Friday, September 08, 2006

Naked without eclipse

I recently had to make a few changes to a java project. The computer at my disposal, Gentoo Linux AMD64 machine, did not have eclipse installed. So I turned to my reliable editor/IDE, i.e. Emacs. Considering that Emacs was my IDE for several years in the past, I still felt astonishingly naked without Eclipse. Only under circumstances where a tool is withdrawn that one realizes how much comfort it brings and that you can't live without it.

Tuesday, September 05, 2006

Migrating to Maven 2

In the last few weeks I had to dabble in Maven, either migrating existing projects or creating new ones. The experience has been conclusive. As long as I adhere to Maven's philosophy, I am able to get things accomplished.

For instance, after the experience gained in mavenizing logback, migrating SLF4J to Maven2 from Ant has taken only few hours. The resulting project structure is imho a little easier to understand and to maintain.

As many users have observed in the past, Maven has a number of rough edges. For instance, the archetype plug-in is not well documented and can behave strangely at times.

One peeve I have is with the site plugin which has a nasty habit of stripping attributes from XML elements in xdoc files. I don't know why it decides that style classes that you painstakingly added to your document is unworthy of its consideration.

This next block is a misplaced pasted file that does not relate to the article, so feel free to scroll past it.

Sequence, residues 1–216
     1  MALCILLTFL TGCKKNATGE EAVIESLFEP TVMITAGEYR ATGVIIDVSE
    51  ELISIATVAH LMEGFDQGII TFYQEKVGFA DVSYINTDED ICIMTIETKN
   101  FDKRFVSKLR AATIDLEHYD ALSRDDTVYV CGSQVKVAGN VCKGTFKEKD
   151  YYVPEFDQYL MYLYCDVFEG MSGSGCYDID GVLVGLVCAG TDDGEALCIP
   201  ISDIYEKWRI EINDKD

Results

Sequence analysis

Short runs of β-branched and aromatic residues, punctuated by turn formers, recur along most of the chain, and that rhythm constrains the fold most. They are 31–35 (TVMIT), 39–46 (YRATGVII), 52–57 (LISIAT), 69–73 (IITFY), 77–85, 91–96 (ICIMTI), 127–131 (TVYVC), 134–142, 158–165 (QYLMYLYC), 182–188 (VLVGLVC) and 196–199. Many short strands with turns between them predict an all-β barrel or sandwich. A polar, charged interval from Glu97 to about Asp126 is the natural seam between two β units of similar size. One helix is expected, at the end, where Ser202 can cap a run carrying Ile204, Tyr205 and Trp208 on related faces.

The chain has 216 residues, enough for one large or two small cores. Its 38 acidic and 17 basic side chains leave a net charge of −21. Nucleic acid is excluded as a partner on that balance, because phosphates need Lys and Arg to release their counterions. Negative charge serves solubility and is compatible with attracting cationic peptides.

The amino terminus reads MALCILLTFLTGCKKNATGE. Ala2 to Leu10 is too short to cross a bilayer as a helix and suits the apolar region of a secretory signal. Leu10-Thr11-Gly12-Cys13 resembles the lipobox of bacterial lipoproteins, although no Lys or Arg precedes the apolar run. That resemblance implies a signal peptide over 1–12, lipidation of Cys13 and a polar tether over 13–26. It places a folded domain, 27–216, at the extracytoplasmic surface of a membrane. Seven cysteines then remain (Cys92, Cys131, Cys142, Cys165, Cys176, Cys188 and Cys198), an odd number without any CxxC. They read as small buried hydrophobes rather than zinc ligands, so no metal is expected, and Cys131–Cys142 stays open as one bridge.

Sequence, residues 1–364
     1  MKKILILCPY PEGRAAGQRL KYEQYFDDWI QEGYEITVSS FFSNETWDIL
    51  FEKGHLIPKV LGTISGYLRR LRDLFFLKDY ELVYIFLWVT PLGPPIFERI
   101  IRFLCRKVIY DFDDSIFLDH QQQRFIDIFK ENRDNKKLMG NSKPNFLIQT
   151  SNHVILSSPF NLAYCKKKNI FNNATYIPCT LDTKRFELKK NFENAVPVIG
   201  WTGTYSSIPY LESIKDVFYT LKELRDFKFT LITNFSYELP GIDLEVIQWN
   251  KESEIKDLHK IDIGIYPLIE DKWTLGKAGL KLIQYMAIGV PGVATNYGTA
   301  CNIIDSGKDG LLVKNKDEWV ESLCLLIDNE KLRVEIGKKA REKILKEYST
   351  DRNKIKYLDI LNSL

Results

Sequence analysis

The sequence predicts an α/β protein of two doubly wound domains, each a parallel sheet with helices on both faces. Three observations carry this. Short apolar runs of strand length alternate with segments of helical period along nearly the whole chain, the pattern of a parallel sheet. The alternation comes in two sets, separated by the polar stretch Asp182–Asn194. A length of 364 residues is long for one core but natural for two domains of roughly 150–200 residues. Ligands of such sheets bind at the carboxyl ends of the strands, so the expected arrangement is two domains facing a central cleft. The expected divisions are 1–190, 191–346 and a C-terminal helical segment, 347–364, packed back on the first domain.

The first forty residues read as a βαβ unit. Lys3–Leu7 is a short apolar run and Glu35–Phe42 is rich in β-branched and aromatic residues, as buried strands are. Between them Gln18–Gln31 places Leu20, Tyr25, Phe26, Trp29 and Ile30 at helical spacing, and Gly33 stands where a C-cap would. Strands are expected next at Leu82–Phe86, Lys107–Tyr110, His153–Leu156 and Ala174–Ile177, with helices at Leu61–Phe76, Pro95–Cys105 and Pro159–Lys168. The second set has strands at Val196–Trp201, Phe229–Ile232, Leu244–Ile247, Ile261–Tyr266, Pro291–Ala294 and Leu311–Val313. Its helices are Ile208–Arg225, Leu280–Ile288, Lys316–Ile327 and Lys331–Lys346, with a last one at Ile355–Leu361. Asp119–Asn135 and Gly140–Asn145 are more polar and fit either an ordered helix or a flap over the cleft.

I find dependency scopes, a core feature of Maven, quite confusing. For instance, the article "Introduction to the Dependency Mechanism" mentions that the provided scope is only available on the compilation class path, while I know for fact that it is also available on the test class path. Moreover, the same article gingerly refers to several class paths without defining their meaning. Interestingly enough, the table defining the transitivity of indirectly referred projects is not properly labelled because, as mentioned previously, the xdoc plug-in has a dubious habit of stripping element attributes or even whole elements it does not like.

All the criticism aside, I am beginning to get the hang of Maven, albeit screaming and shouting. If someone tells you that Maven is a breeze, don't believe them. Build management is not an easy problem and does not suddenly become easy with Maven.